E.On become first major supplier to hike tariffs after Ofgem’s energy price cap rise

0
48
Energy bills rising: E.On is hiking standard variable tariffs by 10.3% - the maximum allowed


E.On becomes first major energy firm to hike tariffs by maximum allowed, days after Ofgem unveils new price cap

  • E.On will increase prices for standard variable tariffs by 10.3% on average
  • E.On has 1.8m customers on standard variable tariffs
  • More energy suppliers are expected to follow suit 

Camilla Canocchi for Thisismoney.co.uk

E.On has become the first major energy supplier to hike tariffs in response to the new cap on standard variable tariffs coming into force from the beginning of April.

The Germany-based energy firm has confirmed it will increase prices for the 1.8million customers on SVTs by 10.3 per cent on average – the maximum rate of increase allowed under the new price cap. 

The price hike from one of the Big Six comes as last week energy regulator Ofgem announced that customers on SVTs will see the price cap increase by £117, or 10.3 per cent, to £1,254 per year.  

Energy bills rising: E.On is hiking standard variable tariffs by 10.3% - the maximum allowed

Energy bills rising: E.On is hiking standard variable tariffs by 10.3% – the maximum allowed

Ofgem implemented price caps to protect households who never switch, but due to rising wholesale energy costs the caps have shifted significantly higher.

More energy suppliers are expected to follow suit and hike tariffs to the maximum allowed under the new price cap. 

The increase in price cap will continue to be reviewed every six months, so the next review will be in October.

An E.On spokesperson said: ‘Ofgem’s energy market price cap review set out that price cap levels would increase, driven by rising wholesale and other costs. 

‘In line with that, we’ll be making changes to our standard variable tariff prices from April 1 and expect to see similar movements across the energy industry.

‘Prices will not change for existing customers until then.

‘Over the coming weeks we’ll be writing to affected customers explaining what the changes will mean for them and encouraging them to choose the best tariff for their needs.’ 

Victoria Arrington at Energy Helpline, said: ‘There is little doubt that this is just the beginning of a crushing wave of price hikes we are expecting across the Big Six. 

‘It is incredibly important that customers act as soon as possible to secure a great deal – as suppliers across the board are all but sure to follow suit.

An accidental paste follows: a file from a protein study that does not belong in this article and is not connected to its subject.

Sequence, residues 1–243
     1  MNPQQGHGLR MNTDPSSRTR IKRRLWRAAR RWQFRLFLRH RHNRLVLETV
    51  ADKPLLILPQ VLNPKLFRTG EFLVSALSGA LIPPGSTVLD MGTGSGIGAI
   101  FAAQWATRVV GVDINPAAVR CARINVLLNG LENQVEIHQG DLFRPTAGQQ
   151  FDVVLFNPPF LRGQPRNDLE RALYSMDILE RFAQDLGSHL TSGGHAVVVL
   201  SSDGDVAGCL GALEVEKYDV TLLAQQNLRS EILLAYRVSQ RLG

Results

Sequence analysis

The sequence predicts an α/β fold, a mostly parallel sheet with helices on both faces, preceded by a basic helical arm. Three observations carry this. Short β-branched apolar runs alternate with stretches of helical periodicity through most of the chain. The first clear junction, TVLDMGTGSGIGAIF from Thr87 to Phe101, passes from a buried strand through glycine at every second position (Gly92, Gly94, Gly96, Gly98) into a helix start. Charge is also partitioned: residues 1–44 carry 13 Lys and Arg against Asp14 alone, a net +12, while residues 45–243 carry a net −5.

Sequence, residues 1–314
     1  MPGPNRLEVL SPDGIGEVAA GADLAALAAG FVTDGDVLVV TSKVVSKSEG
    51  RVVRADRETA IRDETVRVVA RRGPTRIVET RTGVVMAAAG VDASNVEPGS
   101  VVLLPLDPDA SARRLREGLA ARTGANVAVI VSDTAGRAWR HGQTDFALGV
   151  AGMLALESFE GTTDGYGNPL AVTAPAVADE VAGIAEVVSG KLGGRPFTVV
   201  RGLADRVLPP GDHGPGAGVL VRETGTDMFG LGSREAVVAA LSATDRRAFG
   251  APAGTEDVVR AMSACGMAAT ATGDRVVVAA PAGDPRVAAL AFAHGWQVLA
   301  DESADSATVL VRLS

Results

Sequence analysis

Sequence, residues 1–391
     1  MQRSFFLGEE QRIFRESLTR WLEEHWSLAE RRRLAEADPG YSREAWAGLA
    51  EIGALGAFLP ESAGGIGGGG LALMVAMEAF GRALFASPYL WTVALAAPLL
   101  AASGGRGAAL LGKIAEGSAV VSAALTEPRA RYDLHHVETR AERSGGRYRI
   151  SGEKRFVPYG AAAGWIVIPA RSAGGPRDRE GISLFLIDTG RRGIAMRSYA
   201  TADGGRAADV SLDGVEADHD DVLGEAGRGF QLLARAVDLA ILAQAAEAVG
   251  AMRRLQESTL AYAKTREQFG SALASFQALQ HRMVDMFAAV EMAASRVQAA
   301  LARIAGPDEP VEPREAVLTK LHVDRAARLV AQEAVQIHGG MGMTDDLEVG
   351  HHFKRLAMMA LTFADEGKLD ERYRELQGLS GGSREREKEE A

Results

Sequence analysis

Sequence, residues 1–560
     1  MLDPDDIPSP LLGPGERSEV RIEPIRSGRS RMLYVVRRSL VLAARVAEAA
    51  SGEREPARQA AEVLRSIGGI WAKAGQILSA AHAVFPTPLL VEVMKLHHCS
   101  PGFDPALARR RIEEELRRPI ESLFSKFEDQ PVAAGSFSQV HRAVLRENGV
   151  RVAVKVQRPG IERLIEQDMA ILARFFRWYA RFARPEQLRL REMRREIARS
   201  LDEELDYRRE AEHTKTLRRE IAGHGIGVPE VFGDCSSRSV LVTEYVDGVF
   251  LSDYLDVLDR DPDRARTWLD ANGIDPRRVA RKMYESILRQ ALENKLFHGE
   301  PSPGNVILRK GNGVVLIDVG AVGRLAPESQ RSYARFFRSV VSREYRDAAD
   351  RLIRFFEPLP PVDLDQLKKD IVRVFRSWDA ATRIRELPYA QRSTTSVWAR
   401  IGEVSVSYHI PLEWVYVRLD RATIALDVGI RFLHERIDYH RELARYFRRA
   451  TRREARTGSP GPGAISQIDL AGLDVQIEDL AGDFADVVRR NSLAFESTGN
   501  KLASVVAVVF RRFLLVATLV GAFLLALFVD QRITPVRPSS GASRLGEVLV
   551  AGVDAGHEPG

‘This £117 hike from E.On could only be the beginning of a costly trend across the Big Six. But you can protect yourself from this 10 per cent price hike. 

‘All you have to do is take a few minutes to find a cheaper energy tariff. If you switch today, you could potentially save £300 on your energy – and protect yourself from rate hikes big and small.’

Overall, the price hike is expected to collectively cost energy customers £1.3billion.

The ceiling price under the Ofgem capping regime is per unit of energy used, not on the size of a bill.

According to Ofgem and other consumer groups, switching supplier could save the average household nearly £200 a year, but yet millions remain on SVTs.

Households are also being encouraged to change onto a fixed tariff, protecting them from any energy price rises.

Peter Earl, head of energy at Compare the Market, said: ‘The revised price cap level will shock people and usher in a spring of discontent for millions when it comes into force on 1 April.

‘A rise was expected, but a hike of £117 represents a brutal hit to households on variable and default tariffs.

‘This increase is a reminder that as Ofgem continues to review the cap, there could be more rises to come in the future.’

New research suggests those in their 50s are overpaying for energy to the tune of £500 a year.

Those in their 60s and 70s are overpaying by more than £400 a year. Even the gap between what younger bill-payers do and could pay is wide – at £300. 

 

 

 

Advertisement



Source link

LEAVE A REPLY

Please enter your comment!
Please enter your name here